The bodies of two missing men were found Sunday at the site of an explosion possibly caused by natural gas in New York City, according to New York City Fire Department Commissioner Daniel Nigro, and investigators are reportedly looking into allegations of pipeline tampering prior to the accident.
The bodies were found in one of the buildings destroyed by an explosion and fire in the East Village neighborhood of Lower Manhattan Thursday afternoon, Nigro told reporters. The explosion occurred at about 3:17 p.m. EDT in a building at 121 2nd Ave. that housed a restaurant on the ground floor and residences in upper floors (see Daily GPI, March 27). The bodies had not been identified, but were believed to be two men who had reportedly been in the restaurant at the time of the accident, Nigro said.
Twenty-two people were injured and two others were missing following the explosion, which caused the collapse or partial collapse of three buildings, heavy fire damage in a fourth, and forced the evacuations of 11 more.
An investigation into the cause of the explosion is underway, and natural gas is believed to have played a role in the explosion, according to Mayor Bill de Blasio.
"We have our suspicions based on what we know so far, but until we've done the full investigation, we won't be able to confirm it...there's reason to believe so far that there may have been inappropriate tampering with the gas lines within the building, but until we get full evidence, we can't conclude that," de Blasio told reporters Monday morning.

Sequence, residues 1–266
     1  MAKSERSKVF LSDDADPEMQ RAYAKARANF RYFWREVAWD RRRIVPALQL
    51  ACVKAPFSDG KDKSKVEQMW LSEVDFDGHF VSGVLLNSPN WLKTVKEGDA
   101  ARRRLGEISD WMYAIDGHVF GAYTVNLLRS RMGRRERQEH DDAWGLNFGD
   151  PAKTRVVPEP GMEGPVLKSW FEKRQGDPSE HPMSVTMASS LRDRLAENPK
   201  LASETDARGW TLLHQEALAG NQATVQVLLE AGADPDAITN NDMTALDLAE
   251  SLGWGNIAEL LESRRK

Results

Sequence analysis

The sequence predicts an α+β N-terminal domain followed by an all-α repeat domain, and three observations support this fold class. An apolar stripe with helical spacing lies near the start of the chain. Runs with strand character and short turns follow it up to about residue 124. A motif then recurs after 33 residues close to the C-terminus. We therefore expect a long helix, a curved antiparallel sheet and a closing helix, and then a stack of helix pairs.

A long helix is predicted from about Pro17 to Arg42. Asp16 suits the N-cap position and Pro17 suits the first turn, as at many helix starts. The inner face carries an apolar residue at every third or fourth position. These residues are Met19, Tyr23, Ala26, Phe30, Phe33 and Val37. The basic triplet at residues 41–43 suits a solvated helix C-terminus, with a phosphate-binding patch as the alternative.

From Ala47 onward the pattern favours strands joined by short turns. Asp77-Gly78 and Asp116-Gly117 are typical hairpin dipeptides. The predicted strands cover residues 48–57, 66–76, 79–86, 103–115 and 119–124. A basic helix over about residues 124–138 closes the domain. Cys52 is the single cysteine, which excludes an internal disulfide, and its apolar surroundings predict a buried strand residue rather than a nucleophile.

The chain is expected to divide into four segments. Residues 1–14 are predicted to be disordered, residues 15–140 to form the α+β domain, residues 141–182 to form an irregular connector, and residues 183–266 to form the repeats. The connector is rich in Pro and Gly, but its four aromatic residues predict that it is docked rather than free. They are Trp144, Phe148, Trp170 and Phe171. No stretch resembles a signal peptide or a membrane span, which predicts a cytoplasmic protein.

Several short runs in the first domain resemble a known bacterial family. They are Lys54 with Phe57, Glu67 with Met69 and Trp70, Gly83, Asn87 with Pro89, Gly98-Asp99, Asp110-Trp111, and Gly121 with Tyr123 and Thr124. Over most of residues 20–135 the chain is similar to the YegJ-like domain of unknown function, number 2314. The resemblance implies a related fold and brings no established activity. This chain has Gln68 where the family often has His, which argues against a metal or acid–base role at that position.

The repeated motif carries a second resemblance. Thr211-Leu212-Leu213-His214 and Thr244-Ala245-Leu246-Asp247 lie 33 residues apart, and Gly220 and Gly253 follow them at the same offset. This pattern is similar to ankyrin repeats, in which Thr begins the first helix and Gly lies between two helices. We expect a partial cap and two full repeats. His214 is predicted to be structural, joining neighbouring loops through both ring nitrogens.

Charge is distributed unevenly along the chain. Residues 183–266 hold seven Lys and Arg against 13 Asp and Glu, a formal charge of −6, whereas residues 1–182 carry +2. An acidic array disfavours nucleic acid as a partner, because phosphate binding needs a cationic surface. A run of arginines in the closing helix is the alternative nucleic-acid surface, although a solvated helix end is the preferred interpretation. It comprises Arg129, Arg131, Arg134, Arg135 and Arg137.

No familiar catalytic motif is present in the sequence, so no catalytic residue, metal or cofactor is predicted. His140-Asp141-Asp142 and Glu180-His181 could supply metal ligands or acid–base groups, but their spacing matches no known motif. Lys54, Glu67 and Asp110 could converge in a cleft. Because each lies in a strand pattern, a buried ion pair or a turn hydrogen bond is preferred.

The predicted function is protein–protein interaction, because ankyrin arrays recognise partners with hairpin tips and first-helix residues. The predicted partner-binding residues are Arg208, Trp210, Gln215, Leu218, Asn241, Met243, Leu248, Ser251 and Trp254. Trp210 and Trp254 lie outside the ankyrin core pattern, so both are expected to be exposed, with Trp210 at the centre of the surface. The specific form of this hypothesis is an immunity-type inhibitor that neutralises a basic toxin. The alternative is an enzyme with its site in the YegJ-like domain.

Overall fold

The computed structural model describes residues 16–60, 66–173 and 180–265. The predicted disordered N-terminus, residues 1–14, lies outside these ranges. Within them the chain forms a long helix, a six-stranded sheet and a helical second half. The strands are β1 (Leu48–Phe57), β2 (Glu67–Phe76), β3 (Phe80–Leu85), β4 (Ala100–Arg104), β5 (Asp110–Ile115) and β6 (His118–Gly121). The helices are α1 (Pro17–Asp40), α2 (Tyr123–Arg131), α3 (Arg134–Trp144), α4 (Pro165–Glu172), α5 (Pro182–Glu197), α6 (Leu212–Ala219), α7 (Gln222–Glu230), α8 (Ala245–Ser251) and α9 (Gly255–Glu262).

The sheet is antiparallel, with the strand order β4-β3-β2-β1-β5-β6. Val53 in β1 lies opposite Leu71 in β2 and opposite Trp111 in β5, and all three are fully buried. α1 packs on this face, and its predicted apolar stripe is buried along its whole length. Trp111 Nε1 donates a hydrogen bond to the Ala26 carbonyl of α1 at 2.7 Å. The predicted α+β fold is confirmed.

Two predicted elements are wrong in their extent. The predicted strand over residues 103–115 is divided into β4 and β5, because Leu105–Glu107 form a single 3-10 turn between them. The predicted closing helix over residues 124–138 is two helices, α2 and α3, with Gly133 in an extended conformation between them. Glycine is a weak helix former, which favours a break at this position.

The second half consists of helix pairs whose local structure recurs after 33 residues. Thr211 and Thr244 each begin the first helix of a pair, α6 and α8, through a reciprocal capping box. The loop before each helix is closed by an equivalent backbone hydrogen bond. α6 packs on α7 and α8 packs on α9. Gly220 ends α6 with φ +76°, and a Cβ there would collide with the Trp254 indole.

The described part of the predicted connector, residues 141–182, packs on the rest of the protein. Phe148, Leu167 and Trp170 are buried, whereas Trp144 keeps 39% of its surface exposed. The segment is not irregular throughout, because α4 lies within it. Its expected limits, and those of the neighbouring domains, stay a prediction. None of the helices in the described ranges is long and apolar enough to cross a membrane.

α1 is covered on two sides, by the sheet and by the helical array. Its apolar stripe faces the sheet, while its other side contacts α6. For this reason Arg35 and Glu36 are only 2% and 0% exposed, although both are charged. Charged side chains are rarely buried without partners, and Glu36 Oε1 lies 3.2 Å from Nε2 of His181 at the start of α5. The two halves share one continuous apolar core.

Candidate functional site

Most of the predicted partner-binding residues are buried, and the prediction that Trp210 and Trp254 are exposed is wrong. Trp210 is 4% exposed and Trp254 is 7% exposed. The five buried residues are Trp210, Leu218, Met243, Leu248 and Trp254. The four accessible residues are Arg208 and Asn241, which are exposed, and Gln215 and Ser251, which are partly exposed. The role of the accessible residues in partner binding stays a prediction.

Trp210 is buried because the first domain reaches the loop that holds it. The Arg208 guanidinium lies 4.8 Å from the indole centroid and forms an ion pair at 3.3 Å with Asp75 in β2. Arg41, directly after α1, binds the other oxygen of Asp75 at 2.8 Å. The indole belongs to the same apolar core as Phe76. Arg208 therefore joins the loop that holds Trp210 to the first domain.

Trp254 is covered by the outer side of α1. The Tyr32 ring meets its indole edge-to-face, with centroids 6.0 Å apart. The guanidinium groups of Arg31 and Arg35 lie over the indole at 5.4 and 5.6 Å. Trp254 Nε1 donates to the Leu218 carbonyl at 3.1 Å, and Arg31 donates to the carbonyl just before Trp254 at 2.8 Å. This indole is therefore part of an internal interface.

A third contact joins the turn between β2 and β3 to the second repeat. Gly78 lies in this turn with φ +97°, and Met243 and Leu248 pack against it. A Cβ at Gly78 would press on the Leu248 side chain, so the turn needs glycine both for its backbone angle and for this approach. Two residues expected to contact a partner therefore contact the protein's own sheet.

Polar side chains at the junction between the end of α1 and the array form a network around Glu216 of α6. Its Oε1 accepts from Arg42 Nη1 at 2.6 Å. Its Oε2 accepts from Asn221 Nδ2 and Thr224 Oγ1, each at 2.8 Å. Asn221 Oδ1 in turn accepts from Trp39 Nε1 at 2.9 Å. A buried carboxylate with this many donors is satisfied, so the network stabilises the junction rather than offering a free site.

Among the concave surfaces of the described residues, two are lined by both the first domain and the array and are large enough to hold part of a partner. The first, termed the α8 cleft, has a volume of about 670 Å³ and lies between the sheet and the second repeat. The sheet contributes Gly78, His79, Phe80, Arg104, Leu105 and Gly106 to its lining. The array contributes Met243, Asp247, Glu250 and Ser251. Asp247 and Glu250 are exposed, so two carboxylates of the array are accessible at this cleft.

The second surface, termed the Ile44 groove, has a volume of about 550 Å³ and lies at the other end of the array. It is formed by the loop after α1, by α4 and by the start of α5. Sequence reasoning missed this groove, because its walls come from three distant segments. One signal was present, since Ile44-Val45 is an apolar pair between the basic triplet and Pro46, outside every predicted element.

Con Edison of New York, the utility that serves the area, had workers in the building about an hour prior to the explosion to evaluate a meter installation for a new service that was going to be installed there.
"As we do in all cases when a customer is upgrading to a new gas service, we conducted careful inspections at 121 2nd Ave. Our records show the work of the building's plumber failed two inspections, including the inspection our personnel conducted yesterday afternoon," the company said Friday. "At no time was use of the new service line authorized by Con Edison. That service was locked to ensure that it would not be used. The ground floor restaurant was being served by its current, smaller gas service line."
Con Edison said it shut off gas to 187 residential and 32 commercial customers in the East Village Friday morning while the Fire Department of New York carried out recovery work at the site of the explosion and collapsed buildings.
The accident came a little more than a year after a gas-related explosion and fire that killed seven people and destroyed two buildings in the East Harlem section of New York City (see Daily GPI, March 12, 2014). A subsequent investigation by the National Transportation Safety Board revealed natural gas in unusual concentrations in the ground near the site of that explosion (see Daily GPI, March 17, 2014).